University To Replace Absentee Students
A Yangon University committee is; set to replace some 500 students who passed entrance examinations; for the university but failed to enroll for 2018-2019 academic year, a university official confirmed.
“However, the final decision to replace them is not finished yet. It will be; decided by the Yangon University Education Committee in the first week of December;” said Tin Maung Oo, the registrar of Yangon University.
The committee has to wait until after the first week of the academic session before making any decision as they have to make sure that these students will not be joining the university, he added.
“If the 500 students still fail to enroll, the committee will replace them with other students on the waitlist,” Tin Maung Oo said.
This will be the first time that the university is; going to replace students who failed to enroll despite passing the entrance test.
“The system which limits the access of students should be; changed as the students who really want to join Yangon University may lose their chance.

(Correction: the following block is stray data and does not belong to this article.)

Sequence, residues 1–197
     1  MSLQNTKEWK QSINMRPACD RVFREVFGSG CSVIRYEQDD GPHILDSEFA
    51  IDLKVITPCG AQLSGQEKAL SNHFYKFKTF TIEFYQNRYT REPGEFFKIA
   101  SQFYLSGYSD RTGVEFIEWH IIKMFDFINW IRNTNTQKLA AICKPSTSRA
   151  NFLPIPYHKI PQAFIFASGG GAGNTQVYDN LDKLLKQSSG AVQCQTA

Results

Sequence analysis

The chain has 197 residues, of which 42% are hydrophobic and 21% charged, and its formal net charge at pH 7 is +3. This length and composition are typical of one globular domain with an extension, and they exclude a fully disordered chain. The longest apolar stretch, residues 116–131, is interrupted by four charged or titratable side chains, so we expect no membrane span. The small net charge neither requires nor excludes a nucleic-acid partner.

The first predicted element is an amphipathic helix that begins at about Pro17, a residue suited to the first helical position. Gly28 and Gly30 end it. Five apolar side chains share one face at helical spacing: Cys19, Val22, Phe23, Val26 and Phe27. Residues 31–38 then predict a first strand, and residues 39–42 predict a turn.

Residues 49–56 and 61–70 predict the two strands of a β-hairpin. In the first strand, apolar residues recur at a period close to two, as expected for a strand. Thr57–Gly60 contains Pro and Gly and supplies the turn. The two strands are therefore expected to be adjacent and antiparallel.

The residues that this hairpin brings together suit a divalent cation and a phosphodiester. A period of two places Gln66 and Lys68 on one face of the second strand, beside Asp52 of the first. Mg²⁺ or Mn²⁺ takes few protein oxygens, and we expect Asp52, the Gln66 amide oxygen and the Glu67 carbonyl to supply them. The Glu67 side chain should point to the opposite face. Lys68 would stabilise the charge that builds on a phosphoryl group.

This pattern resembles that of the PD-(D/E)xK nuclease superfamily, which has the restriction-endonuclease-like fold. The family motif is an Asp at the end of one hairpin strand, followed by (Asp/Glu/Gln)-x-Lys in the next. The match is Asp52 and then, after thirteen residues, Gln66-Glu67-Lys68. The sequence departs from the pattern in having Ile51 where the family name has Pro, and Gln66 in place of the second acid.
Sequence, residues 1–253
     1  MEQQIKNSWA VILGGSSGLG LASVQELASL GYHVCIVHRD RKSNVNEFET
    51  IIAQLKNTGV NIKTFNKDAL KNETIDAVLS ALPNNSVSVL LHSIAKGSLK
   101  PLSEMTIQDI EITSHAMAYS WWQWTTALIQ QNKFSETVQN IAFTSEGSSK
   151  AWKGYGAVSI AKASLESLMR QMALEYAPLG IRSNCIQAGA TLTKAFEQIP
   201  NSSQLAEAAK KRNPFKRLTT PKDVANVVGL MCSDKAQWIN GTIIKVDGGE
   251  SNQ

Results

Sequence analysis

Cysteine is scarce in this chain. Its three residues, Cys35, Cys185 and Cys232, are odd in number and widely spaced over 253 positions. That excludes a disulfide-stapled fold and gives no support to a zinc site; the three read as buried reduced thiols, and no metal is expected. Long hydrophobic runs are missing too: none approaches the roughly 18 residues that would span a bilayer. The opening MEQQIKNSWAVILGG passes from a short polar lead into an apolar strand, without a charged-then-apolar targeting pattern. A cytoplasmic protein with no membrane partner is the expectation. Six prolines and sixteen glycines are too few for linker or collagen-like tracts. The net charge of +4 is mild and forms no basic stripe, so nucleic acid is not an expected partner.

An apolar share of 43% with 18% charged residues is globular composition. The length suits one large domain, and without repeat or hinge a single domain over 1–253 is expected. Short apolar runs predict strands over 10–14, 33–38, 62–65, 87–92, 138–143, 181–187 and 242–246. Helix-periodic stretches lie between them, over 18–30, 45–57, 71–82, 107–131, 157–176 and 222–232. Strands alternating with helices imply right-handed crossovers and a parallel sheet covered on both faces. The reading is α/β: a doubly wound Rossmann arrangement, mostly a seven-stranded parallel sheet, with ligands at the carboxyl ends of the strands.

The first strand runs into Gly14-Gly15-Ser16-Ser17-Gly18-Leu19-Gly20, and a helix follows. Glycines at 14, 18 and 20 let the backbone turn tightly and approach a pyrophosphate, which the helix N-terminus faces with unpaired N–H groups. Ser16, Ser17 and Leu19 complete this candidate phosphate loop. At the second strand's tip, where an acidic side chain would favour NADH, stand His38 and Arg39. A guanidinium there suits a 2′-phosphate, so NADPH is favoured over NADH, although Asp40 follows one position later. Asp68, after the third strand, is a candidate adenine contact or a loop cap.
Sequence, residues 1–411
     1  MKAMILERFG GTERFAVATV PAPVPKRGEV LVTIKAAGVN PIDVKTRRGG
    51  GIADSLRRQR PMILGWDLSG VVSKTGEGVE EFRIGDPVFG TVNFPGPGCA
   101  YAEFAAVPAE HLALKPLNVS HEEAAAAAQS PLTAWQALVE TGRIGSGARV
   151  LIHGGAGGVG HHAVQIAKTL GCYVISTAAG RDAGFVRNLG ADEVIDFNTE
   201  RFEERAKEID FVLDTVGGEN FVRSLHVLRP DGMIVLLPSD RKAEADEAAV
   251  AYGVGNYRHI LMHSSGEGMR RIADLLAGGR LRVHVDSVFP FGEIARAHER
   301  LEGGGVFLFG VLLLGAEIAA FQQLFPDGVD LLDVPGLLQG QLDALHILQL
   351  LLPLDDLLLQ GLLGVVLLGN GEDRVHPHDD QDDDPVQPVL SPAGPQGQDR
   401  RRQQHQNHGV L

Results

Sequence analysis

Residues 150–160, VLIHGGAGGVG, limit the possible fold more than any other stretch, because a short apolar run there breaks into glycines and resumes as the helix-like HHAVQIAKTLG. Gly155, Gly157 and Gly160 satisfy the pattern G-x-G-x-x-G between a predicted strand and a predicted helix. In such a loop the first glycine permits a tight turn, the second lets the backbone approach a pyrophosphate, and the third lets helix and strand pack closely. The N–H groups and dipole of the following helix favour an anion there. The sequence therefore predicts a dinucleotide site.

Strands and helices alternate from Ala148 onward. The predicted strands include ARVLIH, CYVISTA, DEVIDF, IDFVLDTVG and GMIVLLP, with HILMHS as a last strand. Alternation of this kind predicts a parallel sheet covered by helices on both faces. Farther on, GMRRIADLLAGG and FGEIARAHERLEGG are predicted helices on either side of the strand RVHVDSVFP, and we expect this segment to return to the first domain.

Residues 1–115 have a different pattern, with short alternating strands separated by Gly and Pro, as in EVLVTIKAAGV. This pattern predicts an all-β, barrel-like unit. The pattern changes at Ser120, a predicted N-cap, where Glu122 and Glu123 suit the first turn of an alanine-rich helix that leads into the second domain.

“The absentee list will be; filled by other students who applied to join Yangon University” said Daw Yin Yin Han; a lecturer in the Chemistry Department.
According to the entrance list of Yangon University, there are 1962 students who passed the entrance test for this academic year but only 1389 students joined.
Yangon University, Mandalay University, Mandalay Technology University, Information Technology University of Yangon and Mandalay, Yangon Economic University, Yangon Education University, and Yangon University of Foreign Language have changed their entrance system starting this academic year, with each university having discretion over how to go about accepting new students.
According to the National Education Law, instructional and administrative matters must rest with institutes of higher education, which shall form and authorise an administrative bodies in accordance with the relevant education laws.
University charters and laws pertaining to higher education are important for universities to stand independently, experts in the field say.